by John Rance
It just doesn’t figure that the dependable fig tree, the fruit tree most valued by our pioneering forefathers, has become to this generation, the forgotten fig. Once esteemed and cherished, it has now become a fruit of inconvenience. A whole generation of kids are growing up without ever tasting a fresh fig, or even knowing what they look like.
Last century fig connoisseurs would gather together, to discuss and vote on the delicate differences between their many varieties. In some parts of Europe the science of growing the fig to perfection had become an art worth bragging about.
So what happened between then and now to lower the figs status, from up there rivaling ‘the apple’, to so low that our kids have never seen one. Has the fig changed so much ? Or have we changed so much ? Why is it so rare to find fresh figs at the fruit & veg stall or in the supermarket ? And if you do find them, they are nothing to rave about anyway. Are they so hard to grow ? No, I can’t think of any fruit tree that is less demanding or so easy to grow. So what has happened?
The answer in a nut shell is, we have become creatures of convenience rather then pursuers of quality. The emphasis has shifted from “what is best for the consumer” to “what is the best for the supplier.” This ideal back yard tree is not an ideal commercial orchard tree. The fig may hold its place in history, but it can’t hold its place on the shelf. The fig may ripen to perfection on the tree, but they won’t hold perfection on the shelf There are lots of things the growers don’t like about figs, and some things the supermarkets don’t like about them, but as a back yard tree they out perform all else.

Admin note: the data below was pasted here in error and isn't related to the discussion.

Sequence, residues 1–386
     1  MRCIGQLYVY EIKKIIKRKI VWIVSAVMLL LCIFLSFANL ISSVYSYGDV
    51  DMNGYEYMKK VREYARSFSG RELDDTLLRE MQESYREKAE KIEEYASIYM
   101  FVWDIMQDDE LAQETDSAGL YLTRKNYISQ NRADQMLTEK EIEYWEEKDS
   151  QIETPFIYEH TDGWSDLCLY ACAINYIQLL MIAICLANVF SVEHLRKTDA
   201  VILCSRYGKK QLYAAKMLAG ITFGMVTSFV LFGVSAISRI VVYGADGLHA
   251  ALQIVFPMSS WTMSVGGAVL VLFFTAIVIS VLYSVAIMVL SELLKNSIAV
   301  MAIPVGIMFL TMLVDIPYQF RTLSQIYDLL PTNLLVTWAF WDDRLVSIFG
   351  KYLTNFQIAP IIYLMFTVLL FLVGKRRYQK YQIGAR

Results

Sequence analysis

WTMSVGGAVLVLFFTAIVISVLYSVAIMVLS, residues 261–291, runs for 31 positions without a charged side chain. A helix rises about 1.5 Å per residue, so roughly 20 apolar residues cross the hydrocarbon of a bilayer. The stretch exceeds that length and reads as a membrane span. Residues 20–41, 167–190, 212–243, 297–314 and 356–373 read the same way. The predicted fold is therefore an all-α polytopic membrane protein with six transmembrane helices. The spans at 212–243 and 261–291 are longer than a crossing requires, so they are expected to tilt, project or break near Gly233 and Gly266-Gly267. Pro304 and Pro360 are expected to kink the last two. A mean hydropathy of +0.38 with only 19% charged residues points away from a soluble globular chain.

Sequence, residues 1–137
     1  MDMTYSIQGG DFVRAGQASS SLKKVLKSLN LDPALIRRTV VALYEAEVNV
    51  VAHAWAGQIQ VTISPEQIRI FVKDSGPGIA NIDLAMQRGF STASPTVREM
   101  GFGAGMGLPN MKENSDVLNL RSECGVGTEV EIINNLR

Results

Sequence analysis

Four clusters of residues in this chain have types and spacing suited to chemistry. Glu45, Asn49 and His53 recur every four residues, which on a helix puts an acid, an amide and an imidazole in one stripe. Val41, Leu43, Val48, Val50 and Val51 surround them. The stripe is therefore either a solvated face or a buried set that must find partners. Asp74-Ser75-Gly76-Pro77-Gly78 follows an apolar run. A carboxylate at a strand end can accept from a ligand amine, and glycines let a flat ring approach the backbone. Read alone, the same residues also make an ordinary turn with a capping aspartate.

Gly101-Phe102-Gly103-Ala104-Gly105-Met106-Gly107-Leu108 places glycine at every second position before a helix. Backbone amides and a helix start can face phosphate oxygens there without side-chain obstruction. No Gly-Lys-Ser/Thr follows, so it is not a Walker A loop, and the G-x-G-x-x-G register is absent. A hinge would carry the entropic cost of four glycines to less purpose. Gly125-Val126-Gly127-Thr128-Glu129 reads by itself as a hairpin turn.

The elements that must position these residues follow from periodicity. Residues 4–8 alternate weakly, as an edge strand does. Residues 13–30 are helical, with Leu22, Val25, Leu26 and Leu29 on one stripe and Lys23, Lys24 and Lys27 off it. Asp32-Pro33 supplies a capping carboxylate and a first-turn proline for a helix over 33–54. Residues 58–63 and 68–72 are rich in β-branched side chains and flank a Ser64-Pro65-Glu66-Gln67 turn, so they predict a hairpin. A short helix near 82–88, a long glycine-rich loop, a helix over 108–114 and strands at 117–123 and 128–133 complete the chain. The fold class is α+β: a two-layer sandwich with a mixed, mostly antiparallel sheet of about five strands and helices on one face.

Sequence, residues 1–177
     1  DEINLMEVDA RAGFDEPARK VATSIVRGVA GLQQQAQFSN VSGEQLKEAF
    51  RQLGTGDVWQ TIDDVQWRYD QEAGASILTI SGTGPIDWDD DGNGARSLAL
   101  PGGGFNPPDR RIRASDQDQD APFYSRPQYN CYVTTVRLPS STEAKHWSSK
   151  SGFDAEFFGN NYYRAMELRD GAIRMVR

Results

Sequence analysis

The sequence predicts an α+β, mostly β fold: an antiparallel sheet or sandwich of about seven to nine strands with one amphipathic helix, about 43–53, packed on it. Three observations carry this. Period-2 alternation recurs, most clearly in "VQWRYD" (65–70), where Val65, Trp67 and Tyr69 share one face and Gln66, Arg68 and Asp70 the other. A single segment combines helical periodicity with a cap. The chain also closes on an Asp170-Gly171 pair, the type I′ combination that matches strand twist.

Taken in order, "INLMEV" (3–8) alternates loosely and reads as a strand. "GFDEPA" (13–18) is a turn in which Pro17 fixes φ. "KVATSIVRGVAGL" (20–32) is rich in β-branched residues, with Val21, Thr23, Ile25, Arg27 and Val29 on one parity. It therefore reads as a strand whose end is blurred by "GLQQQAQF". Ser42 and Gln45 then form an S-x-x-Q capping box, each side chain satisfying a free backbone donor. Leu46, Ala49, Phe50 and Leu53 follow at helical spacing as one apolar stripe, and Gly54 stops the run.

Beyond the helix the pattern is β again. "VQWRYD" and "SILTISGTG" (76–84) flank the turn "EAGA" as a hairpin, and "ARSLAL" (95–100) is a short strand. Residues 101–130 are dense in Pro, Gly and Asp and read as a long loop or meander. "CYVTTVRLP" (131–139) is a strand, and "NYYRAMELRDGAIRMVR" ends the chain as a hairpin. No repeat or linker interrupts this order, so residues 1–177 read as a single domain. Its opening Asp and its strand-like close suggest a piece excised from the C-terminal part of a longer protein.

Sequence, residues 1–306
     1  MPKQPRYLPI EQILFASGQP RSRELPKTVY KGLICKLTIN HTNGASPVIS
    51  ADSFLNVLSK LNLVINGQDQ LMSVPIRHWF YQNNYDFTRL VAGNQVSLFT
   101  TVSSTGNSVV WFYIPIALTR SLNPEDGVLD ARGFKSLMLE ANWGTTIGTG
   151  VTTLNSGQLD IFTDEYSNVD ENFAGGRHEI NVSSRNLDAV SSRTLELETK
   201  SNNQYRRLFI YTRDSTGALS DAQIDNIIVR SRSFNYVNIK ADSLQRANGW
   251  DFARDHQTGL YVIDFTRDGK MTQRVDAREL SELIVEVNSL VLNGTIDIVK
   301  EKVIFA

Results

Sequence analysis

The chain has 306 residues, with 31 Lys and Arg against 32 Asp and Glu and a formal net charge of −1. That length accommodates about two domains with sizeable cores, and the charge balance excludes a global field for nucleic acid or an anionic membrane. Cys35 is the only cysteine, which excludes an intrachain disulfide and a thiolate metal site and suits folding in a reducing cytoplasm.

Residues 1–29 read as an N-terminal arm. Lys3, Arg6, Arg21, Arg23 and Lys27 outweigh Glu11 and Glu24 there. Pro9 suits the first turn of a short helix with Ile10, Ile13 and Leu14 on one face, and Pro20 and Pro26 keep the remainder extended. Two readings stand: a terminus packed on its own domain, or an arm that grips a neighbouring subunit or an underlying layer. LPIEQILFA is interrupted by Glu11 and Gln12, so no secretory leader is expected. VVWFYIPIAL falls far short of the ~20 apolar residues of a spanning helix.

Across Australia the fig tree collections are being destroyed. The Agricultural Research Stations are no longer studying the potential of the fig. The humble fig has been sentenced to commercial doom. This is despite the fact that it is better suited to SA and WA growing conditions than almost any other fruit tree. Its potential is right up there with the olive and the quandong.
Before the Loxton collection was destroyed, we were able to acquire cuttings of each of their 18 varieties. These have been distributed amongst interested members. Several members taking full collections. Since this initial collection we have collected further material from around Australia. We have new varieties from Perth WA., Gosford NSW., Darwin NT., Alice Springs NT., and Mt. Gambier SA. Our collection now stands at around 40 varieties. Making it by far Australia’s largest gene-pool. it is important that we keep track of as many of these cultivars as possible, for many were on the verge of being lost completely-and many others would have become untraceable. As we can sort out and grow-on these new varieties we hope to make them available to the members.
Who knows, maybe the day will come when Adelaide will become the FIG CONNOISSEUR CAPITAL of the WORLD, and our members will hold Fig tasting Soirees-make pleasant chatter about their latest delicacies, and boasting of their figurative expertise. Only time will tell if this is just a figment of my exasperation!